Drive was an unpredictable concept, with a wide variety of stories to tell, and while each episode primarily focused on just a few of these teams, their stories intertwined in strange ways.  By the time of the fourth episode, a great many secrets have been revealed, new ones hinted at, team alliances are both forged and broken, and at least one of these characters dies unexpectedly.  It was a totally different way of telling stories, and an intriguing concept melded with characters that would otherwise never be found interacting with one another.  There was also the overarching mythology of the race itself, and the mystery behind the motives and methods of the organizers.  The unfortunate thing is that not only did none of the teams ever get to the finish, Drive didn’t get that far past the green flag at the start.

Personally, I’m beginning to think that this blog has the wrong name.  Although the time slot of Friday @ 8/7 Central has had a reputation for decades (and even a wikipedia entry) as the “death slot” for television, this is the fourth time in six months that I’ve covered a short-lived show that aired on Monday nights… airing in 2007 alone!  Drive had a two-hour premiere on FOX on a Sunday night, settled into its “permanent” slot the following evening, and aired just one more episode a week later before being canceled.  Four episodes, eight days, and it was yanked from the schedule.  ( I know the show was about speed, but did it really deserve this?)  Why did so many different and unique shows that season end their own race there so quickly?  And why did it happen so often in that particular year?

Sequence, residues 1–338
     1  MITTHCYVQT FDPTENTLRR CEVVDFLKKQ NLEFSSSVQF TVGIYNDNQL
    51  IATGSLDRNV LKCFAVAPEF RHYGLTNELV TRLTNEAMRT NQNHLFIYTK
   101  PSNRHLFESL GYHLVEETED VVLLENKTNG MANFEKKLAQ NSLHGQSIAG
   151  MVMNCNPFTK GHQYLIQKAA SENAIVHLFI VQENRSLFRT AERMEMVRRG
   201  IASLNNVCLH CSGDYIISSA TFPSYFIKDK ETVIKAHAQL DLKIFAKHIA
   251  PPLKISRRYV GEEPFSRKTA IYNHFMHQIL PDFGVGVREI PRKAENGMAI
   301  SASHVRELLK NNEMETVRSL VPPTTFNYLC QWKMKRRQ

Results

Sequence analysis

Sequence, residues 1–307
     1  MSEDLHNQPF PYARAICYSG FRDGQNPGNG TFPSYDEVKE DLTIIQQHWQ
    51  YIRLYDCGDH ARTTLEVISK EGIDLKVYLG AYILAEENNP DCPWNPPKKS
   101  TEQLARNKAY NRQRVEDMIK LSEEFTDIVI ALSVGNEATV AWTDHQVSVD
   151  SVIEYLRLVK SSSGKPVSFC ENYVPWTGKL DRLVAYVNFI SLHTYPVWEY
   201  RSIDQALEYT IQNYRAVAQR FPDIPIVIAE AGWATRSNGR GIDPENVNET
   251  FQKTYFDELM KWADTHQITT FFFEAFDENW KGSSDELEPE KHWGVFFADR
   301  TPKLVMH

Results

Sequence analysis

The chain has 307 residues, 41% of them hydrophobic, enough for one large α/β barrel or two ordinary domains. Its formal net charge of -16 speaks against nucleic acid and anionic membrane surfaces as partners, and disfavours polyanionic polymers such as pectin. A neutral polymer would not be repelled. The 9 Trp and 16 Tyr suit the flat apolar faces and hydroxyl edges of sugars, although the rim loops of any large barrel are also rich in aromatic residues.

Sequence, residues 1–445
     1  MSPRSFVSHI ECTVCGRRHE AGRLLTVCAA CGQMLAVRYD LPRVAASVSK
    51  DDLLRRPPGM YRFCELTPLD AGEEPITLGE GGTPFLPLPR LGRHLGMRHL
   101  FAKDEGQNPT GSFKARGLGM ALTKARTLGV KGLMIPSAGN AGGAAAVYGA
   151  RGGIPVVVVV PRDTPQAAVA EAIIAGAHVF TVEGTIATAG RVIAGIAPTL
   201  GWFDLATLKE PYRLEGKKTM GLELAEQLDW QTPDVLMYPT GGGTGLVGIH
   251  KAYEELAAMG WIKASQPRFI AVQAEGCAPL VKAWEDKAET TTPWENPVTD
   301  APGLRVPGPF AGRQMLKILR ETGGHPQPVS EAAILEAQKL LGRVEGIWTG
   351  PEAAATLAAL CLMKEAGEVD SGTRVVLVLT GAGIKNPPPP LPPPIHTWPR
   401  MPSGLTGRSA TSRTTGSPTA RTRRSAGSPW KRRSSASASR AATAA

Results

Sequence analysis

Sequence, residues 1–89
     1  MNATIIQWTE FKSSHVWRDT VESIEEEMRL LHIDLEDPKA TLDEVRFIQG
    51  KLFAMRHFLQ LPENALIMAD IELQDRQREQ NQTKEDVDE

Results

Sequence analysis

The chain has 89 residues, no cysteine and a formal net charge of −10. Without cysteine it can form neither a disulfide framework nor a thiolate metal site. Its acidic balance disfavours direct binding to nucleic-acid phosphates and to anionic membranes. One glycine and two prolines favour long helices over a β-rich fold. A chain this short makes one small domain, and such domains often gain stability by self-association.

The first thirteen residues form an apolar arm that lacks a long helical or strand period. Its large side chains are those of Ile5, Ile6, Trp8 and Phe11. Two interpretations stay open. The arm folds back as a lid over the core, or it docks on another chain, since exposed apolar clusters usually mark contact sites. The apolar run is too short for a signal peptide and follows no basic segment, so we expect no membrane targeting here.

“We partially sold this concept by saying, ‘This is to The Amazing Race what Lost is to Survivor.'”
–Tim Minear, on the network perspective of the show

The initial reason is why the shows were so different in the first place.  The spectacular success of Lost on TV screens suddenly made every network start looking for the next large-cast mysterious continuing-arc show.  A season full of them failed (Threshold, Surface, Invasion) because they had been rushed to production too quickly and their plots moved too slowly, but the networks still thought the audience was ready for the right version of that style, and many other concepts were tried, from The Black Donnellys to Drive.  Other non-traditional shows were attempted, and I’ve covered Studio 60 and Creature Comforts here as well, but these unusual shows kept going up against the biggest non-Lost hits at the time, Monday night entries Deal or No Deal and Dancing with the Stars.  And while Drive (and the others) had devoted and passionate followings, by 2007 shows like this weren’t going to be given the time to develop those followings into the kinds of numbers the networks were hoping for.  They had to hit that starting line running….

Racing for an audience

It would have helped if the networks could keep track of the race better.  But those networks were panicking as well.  New technologies such as internet delivery of programs and home DVR watching were essentially robbing them not of viewers, but of MEASURABLE viewers.  Networks couldn’t charge advertisers for eyeballs they couldn’t count, and in 2007 there was no system in place for counting people watching shows through the new alternative distribution systems and delayed viewing.  Network numbers were down across the board, especially those of tech savvy younger age viewers in the 18-35 year-old group that advertisers crave.